What is an orchestra audience paying for, exactly?
Why would an art lover buy a painting from a local artist?
When a college freshman visits his academic advisor, what is he hoping to find?
The answers seem self-evident: Music, art, and information, respectively. Duh.
But we’re missing a crucial ingredient.
Well-Executed Art Isn’t Enough
If a classical music lover just wanted to hear her favorite piece played well, she’d buy a pair of Grado headphones, open a bottle of wine, and listen to old Chicago Symphony recordings in her living room.
But she doesn’t. She gets dressed up and drives 45 minutes to the symphony instead.
If an art lover simply wanted to see the greatest paintings ever made, there’d be no local artists, just posters of Starry Night and Girl With a Pearl Earring.
If a college freshman just needed to be told what classes to take, I wouldn’t have a job.
So what’s this missing ingredient?
Art Is About Connection
They don’t always realize it, but people don’t just want well-executed art. Human beings seek a connection.
The symphony attendee watches the musicians labor and sweat, and she sees the total concentration in the conductor’s furrowed brow. She sees 100 people working hard to bring the music to life for her, and she shows her appreciation with fervent applause. A connection is formed.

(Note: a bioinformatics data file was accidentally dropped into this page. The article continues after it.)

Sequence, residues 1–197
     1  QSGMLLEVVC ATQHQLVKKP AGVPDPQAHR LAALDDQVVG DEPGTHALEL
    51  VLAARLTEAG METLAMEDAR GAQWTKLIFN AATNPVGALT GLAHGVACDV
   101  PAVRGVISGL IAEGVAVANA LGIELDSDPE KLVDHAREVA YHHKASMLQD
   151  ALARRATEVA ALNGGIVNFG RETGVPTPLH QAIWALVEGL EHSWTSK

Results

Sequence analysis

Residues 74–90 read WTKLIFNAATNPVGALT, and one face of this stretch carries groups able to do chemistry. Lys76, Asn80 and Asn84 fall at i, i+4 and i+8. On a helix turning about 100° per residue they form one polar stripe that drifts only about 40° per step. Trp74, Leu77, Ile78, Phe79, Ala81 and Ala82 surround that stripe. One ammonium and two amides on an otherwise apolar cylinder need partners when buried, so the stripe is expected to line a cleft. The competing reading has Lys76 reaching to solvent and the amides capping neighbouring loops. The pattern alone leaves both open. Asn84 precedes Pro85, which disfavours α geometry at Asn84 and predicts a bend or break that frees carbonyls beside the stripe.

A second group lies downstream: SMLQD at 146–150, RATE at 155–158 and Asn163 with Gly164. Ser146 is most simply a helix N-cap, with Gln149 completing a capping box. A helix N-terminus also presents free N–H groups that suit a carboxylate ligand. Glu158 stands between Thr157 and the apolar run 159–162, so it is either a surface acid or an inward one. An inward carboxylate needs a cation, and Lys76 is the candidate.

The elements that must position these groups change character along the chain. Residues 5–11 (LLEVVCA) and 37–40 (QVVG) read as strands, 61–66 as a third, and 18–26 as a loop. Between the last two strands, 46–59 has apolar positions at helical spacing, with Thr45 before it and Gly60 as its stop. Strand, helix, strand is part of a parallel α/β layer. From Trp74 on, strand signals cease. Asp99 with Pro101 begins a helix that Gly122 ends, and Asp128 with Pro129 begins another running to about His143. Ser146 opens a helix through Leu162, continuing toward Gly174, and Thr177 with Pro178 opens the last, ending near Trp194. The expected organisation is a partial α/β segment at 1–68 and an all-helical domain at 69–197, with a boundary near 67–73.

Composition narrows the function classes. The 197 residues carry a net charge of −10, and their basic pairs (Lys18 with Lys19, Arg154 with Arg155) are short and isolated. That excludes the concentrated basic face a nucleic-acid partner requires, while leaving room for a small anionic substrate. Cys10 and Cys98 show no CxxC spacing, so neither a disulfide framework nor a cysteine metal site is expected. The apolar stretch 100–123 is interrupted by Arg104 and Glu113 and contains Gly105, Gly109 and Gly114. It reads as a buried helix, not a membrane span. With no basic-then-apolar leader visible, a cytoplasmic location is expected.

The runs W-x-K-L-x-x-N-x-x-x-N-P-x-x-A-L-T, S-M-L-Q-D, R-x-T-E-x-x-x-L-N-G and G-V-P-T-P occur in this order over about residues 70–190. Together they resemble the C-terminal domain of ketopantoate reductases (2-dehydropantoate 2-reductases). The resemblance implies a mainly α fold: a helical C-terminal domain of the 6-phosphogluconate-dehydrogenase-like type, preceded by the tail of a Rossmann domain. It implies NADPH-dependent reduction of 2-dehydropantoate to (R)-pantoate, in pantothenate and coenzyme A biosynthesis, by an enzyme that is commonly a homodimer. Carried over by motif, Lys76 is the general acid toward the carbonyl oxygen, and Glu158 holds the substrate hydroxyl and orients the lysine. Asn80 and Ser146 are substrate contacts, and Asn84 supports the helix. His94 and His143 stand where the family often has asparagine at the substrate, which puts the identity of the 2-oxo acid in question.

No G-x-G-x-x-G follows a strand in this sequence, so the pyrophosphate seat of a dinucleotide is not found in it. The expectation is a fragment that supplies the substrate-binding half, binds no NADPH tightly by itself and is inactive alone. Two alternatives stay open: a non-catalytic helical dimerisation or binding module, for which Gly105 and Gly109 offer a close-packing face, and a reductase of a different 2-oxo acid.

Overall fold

This is also why people hire wedding bands to play “Shout,” “Sweet Caroline,” and “Don’t Stop Believin’” when they could hire a DJ to play the original recordings for half as much money. A good DJ can pack the dance floor, but a great wedding band connects with the audience and connects the audience to each other.
In my living room, there’s a landscape painting by a friend of mine, a great local artist. She’s a highly-trained painter, but I’m not really capable of appreciating her painting chops. What I like about the painting is how beautifully it captures the north Missouri landscape in winter. The painting connects me to this time and place, to this period of my life, and to the painter. Who needs a Rembrandt?
The first-year college students I advise don’t simply want to be told what classes to take. They can look that up in the university catalog. My students want to be asked where they’re from and how their semester is going. They want to feel listened to. They want someone to get them. As soon as academic advising becomes about simply imparting information, the profession is doomed.
If there’s no connection, if all we’re selling is the product, we’re in trouble.
So when in doubt, connect.